Taking Vitamin D could slash risk of dying from cancer by 40 percent, research claims

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The “sunshine vitamin” protects against the deadliest tumours that are most likely to spread – and be fatal. The finding sheds light on why those who live near the equator are less prone. All Britons are advised to take the supplements – because of our long, dark winters. Vitamin D is produced through the skin’s exposure to sunlight. Lab experiments on cells in mice have shown it slows cancer progression. Randomised clinical tests in humans were inconclusive but the VITAL (Vitamin D and Omega-3 Trial) suggested it reduced deaths, while not the number of cases.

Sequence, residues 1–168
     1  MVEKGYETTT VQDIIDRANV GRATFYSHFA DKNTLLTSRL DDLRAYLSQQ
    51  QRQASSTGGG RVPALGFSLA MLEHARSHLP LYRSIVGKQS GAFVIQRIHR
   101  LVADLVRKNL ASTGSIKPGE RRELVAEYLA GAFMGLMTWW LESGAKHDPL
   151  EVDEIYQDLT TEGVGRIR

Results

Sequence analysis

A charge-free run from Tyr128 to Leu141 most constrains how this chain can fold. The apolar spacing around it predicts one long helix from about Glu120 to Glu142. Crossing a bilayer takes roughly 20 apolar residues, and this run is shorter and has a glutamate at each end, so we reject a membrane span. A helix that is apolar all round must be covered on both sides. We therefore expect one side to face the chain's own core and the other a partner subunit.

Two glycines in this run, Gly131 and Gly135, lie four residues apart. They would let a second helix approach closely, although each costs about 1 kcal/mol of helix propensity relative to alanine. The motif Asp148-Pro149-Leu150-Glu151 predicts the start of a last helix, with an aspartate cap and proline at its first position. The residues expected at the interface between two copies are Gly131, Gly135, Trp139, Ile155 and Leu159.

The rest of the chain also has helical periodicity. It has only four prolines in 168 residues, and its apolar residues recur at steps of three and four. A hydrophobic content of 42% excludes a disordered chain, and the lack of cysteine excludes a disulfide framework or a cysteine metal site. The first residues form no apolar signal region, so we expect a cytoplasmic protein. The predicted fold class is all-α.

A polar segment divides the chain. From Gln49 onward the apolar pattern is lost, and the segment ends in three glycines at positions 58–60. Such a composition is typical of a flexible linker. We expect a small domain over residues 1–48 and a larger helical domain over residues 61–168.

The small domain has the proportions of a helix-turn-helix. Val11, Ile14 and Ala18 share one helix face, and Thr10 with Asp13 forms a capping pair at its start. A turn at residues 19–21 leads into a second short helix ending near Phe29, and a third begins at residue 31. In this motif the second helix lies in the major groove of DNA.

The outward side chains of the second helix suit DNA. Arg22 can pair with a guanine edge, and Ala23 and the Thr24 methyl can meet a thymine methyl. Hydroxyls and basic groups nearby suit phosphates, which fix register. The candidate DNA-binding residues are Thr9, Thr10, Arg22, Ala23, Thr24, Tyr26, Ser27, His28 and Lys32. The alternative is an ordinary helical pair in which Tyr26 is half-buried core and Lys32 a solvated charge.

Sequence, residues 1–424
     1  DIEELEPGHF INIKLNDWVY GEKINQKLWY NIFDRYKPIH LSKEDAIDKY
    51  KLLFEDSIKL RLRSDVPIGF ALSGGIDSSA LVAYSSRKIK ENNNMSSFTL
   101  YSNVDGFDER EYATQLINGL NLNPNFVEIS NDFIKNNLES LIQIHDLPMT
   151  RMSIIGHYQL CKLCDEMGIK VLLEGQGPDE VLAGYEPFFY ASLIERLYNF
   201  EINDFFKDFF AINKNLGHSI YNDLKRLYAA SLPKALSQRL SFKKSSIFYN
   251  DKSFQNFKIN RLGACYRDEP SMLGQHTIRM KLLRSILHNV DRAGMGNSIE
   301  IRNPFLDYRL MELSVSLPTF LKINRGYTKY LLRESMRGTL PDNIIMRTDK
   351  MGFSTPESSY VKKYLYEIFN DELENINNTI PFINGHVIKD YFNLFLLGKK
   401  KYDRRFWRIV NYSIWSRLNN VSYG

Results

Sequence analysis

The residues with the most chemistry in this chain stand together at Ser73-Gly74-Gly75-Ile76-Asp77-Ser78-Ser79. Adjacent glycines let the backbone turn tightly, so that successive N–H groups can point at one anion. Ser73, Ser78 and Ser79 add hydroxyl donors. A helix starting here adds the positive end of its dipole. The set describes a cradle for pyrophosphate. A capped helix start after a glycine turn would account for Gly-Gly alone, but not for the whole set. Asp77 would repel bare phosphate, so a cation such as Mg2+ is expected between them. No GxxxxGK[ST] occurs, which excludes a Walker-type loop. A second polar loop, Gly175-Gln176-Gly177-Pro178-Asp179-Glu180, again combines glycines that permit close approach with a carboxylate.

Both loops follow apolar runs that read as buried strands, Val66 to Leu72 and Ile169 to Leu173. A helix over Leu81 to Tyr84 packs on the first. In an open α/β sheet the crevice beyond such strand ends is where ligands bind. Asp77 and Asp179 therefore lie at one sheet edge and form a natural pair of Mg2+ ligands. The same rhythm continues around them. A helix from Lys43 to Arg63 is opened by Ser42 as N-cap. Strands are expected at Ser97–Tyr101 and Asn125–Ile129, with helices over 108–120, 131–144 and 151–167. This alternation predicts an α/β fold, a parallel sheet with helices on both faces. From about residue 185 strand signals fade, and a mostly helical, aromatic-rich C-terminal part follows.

The fresh US study shows those on the supplements with a normal body mass index were 38 per cent less likely to develop advanced cancer. Overall risk fell by 17 per cent. Author Dr Paulette Chandler, of Brigham and Women’s Hospital in Boston, said: “These ­findings suggest vitamin D may reduce the risk of developing advanced cancers.

“Vitamin D is a supplement that’s readily available, cheap and has been used and studied for decades.

“Our findings, especially the strong risk reduction in individuals with ­normal weight, provide new information about the relation-ship between vitamin D and advanced cancer.”

Around half of the UK ­population is deficient in Vitamin D.

It can also be found in oily fish, egg yolks or ­fortified foods such as ­cereals.

The supplement has also been recommended as ­having some benefit in fighting coronavirus, leading some shops to sell-out.

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